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Top German Producer Teams Up With Chateau Ste. Michelle

Harvey Steiman
Posted: September 15, 1999

Convinced that Washington can produce the great American Riesling, Dr. Ernst Loosen of Germany's Dr. Loosen, one of the top Riesling producers in the Mosel region, and Washington's own Chateau Ste. Michelle are planning a joint venture to do just that.

The deal would mark Chateau Ste. Michelle's second joint venture with a prominent European wine company. Earlier this year, the Washington winery and Antinori of Tuscany introduced the first red wines from their Col Solare collaboration. But that wine is based on Cabernet Sauvignon, a popular variety that commands far more respect in the United States than Riesling.

"I have long believed that a Riesling resurgence was inevitable," said Allen Shoup, president of Stimson Lane, the parent company of Chateau Ste. Michelle. "It hasn't happened yet, but when the New World discovers this grape, watch out."

Ernst Loosen, owner of the German winery, became intrigued by several Chateau Ste. Michelle wines he tasted at the home of his distributor in Portland, Ore. He visited the winery and -- after tasting through Ste. Michelle's wines, including some experimental bottlings -- approached Shoup about giving the partnership a try.

"When Dr. Loosen said he wanted to work with us, we leaped at the opportunity," Shoup said.

Loosen and Erik Olsen, head winemaker for Chateau Ste. Michelle's white wines at the Woodinville winery, will create two single-vineyard wines from the Columbia Valley this year. One will be a dry wine from Cold Creek Vineyard; the other, a supersweet dessert wine from a vineyard in the Horse Heaven Hills.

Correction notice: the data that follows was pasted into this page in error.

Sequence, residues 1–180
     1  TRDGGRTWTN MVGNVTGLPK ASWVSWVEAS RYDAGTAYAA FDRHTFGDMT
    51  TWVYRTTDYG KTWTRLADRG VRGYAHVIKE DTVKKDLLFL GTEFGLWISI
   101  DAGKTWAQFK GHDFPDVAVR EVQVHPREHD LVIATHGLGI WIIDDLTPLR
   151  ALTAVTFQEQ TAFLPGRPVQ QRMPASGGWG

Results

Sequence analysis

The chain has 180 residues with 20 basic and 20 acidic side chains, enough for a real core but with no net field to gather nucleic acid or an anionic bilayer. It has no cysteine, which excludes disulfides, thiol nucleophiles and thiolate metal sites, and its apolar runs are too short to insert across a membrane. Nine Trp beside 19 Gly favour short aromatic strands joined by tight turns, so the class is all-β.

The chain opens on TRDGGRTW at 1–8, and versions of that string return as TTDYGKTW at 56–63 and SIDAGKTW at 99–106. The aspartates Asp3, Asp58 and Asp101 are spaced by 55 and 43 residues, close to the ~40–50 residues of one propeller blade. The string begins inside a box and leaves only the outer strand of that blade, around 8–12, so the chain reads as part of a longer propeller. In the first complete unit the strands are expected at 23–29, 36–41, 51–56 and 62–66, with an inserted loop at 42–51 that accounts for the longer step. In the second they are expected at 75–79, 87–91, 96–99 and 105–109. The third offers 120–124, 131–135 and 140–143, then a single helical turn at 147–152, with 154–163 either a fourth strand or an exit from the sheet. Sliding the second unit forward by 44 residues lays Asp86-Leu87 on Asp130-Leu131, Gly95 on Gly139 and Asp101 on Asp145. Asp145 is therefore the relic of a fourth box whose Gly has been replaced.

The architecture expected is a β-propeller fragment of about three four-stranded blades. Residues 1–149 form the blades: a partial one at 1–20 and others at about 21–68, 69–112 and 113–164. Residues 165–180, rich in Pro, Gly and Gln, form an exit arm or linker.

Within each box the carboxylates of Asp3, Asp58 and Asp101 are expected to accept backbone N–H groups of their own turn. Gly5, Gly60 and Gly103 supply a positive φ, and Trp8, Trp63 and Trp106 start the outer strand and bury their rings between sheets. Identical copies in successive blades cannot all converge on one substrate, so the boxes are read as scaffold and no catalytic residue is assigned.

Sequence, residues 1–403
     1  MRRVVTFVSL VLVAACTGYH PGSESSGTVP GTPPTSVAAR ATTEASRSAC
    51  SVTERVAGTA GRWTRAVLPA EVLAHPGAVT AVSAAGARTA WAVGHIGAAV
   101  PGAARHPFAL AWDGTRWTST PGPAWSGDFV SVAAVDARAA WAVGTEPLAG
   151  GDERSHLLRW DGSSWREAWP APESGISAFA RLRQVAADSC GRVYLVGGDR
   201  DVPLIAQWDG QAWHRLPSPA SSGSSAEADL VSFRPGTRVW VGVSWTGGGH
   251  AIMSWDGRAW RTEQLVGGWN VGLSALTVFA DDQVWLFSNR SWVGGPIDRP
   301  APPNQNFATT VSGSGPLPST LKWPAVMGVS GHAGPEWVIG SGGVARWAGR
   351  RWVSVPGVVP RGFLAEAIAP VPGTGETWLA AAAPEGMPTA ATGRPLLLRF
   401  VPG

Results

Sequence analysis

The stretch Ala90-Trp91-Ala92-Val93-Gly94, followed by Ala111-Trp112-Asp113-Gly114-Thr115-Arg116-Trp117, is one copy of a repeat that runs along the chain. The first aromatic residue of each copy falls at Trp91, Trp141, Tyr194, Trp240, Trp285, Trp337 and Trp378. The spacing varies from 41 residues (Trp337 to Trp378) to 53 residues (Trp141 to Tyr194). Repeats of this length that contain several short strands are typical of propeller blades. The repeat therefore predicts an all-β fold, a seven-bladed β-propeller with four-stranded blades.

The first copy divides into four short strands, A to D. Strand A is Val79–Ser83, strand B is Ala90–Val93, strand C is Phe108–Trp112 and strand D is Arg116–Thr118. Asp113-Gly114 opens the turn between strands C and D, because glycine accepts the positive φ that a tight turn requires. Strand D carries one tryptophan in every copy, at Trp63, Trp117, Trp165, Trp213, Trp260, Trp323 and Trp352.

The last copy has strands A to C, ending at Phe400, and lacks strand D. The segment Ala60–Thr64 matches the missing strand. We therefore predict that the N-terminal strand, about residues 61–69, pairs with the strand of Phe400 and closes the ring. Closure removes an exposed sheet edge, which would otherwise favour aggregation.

"Certain vineyard sites had real character," said Loosen, who is also a part-owner of J.L. Wolf in the Pfalz region of Germany. "Cold Creek reminded me very much of a vineyard we own in the Pfalz, called Pechstein, and it turns out they both have the same kind of basalt volcanic soil. It had the most character of any wine in Ste. Michelle. We started to talk about making a 'grand cru' dry style from it. I think it will be an austere, charismatic, dry Riesling like what you get from southern Germany, Alsace or Austria, with more minerality than what they usually get in Washington."

For the dessert wine, Loosen wants to aim for the sweetest, most concentrated wine possible, one that would qualify for the trockenbeerenauslese designation in Germany. Chateau Ste. Michelle has made late-harvest Riesling reserve bottlings that consistently score in the low 90s ("outstanding" on the Wine Spectator 100-point scale), but Loosen is convinced that can be topped.

"There's a spot where they get very high botrytis levels," he said. "We'll get 10 or 15 pickers to hand-select what we need to make a really great TBA-Essencia style. It has to be by hand. You can't make such a wine with machine harvesting."

Loosen and Olsen will make their first Rieslings together starting with the 1999 vintage. "If we're happy with the wines, we'll release them next year," said Loosen. "Otherwise, we'll see what happens when we manage the vineyard from pruning all through the year."

In other Chateau Ste. Michelle news, Ron Bunnell has joined the company as head winemaker for red wines, overseeing the River Ridge winery in the Columbia Valley. Bunnell previously worked for Kendall-Jackson Winery in California.

For Harvey Steiman's most recent Washington tasting report, check the Sept. 30 issue, on sale now.

For recent ratings of Chateau Ste. Michelle and Weingut Dr. Loosen wines, check the Wine Search.

To find out more about Chateau Ste. Michelle's Col Solare venture:

  • April 5, 1999
    Top Washington and Tuscan Wineries Pair Up to Create New Wine

    For recent news about Dr. Loosen:

  • June 1, 1998
    Germany's Ernst Loosen Expands From Mosel to Pfalz

    To learn more about German wines:

  • February 28, 1999
    The New Golden Age of Riesling

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